Reviewed by: Amber Wilkinson

"You don't have to look far for allegory in Panek's film." | Photo: Courtesy of Tallinn Black Nights Film Festival

Trauma in the aftermath of war is set within a genre framework in Adrian Panek's Werewolf - which is in competition at Tallinn Film Festival. Despite the title, this film isn't about supernatural horrors, but those that are perpetrated by humans and the dangers that lurk, and can spring from, within.

The war is coming to an end at the Gross-Rosen concentration camp and the Nazis are slaughtering prisoners en masse - except for one group of children, ranging in age from infant school to late teens, who prove 'entertaining' enough to be spared.

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Liberated by the Russians, they are taken to a crumbling house in the middle of a forest, where older woman Jadwiga (Danuta Stenka) attempts to reassert a sense of 'normality' - an uphill task given that many of the children are too young to understand what that word even means. The horrors of the camp are soon replaced by an equally deadly foes - the camp's Alsatian dogs that have gone rogue and are pack hunting in the surrounding woodland, and liberators who have their own animal tendencies. The children soon find themselves 'parentless' again and trapped within the confines of the house with little food and water.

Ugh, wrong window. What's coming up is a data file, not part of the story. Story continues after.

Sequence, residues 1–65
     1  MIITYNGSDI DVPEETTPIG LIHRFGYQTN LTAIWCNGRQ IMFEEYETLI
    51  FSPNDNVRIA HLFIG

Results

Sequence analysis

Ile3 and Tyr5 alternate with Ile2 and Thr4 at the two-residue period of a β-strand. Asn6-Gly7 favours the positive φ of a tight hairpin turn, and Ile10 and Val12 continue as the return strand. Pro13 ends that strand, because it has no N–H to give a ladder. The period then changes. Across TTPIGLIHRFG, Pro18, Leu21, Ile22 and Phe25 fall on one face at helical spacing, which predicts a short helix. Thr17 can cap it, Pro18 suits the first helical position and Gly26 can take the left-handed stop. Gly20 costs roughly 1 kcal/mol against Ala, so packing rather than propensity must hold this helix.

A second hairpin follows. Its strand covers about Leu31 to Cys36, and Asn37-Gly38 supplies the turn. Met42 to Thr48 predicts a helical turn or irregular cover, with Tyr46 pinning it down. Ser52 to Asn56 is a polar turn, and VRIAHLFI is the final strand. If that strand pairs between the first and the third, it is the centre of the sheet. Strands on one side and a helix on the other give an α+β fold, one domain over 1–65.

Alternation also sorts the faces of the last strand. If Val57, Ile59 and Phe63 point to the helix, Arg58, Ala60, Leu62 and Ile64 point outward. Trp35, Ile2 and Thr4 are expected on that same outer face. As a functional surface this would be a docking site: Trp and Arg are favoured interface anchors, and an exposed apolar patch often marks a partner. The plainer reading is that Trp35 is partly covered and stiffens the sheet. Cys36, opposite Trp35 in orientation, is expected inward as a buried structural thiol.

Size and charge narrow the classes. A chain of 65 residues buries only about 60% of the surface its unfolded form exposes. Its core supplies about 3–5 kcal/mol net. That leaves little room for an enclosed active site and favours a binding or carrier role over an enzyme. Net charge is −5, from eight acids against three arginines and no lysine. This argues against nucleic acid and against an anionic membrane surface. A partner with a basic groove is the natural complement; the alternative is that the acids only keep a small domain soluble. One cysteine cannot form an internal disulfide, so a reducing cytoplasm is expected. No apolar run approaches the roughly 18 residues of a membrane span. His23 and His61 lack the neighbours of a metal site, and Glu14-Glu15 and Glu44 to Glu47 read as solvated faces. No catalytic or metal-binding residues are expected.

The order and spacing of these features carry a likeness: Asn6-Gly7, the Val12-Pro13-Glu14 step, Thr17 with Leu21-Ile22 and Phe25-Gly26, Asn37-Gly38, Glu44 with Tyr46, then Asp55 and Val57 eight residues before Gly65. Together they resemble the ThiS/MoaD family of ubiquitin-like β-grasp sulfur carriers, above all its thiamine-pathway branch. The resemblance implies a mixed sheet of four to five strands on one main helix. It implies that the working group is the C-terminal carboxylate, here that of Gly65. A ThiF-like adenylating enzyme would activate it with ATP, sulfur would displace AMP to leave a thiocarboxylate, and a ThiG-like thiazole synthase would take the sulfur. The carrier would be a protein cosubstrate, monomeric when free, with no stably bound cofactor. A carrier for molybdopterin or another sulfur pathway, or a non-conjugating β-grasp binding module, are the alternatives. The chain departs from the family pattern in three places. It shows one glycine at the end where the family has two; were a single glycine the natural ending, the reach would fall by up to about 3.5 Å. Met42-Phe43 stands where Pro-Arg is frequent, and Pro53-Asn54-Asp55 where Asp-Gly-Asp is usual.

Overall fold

You don't have to look far for allegory in Panek's film. The children prove to be almost as feral as the dogs - prepared to fight for food and unable to use even a knife and fork after being brutalised in the camps. The Alsatians, meanwhile, are a clear representation of the lingering horrors of war that haunt survivors long after the last shots are fired. Against this setting, Panek allows familiar young adult themes to emerge, including a romantic rivalry towards older girl Hanka (Sonia Mietielica) between two of the teenage boys Wladek (Kamil Polnisiak) and "Kraut" (Nicolas Przygoda) - with the latter's German origins adding an extra level of allegory to the situation. This allows the tension to become two-fold, as the children attempt to fight the threat from outside, represented by the dogs, while also at risk from the psychological horrors that could emerge from within.

A question lingers over who the film is aimed at. Adult genre buffs may well find the horror elements of the film too restrained, because although the action involving the dogs is tensely handled and dead bodies litter the landscape, they are almost all shown in aftermath. The plots themes and cast - an ensemble without a weak link - are perhaps better suited to an older teen audience, who could even put it to good use in an educational setting. Panek is to be commended for his solid handling of character, avoiding demonising any of the children, so that even when they commit unpleasant acts, we are able to see how their experience has led to this. His gently hopeful conclusion is also a refreshing change.

Reviewed on: 30 Nov 2018
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Eight children rescued from a concentration camp, find themselves under siege from a freshly pack of former camp guard dogs.
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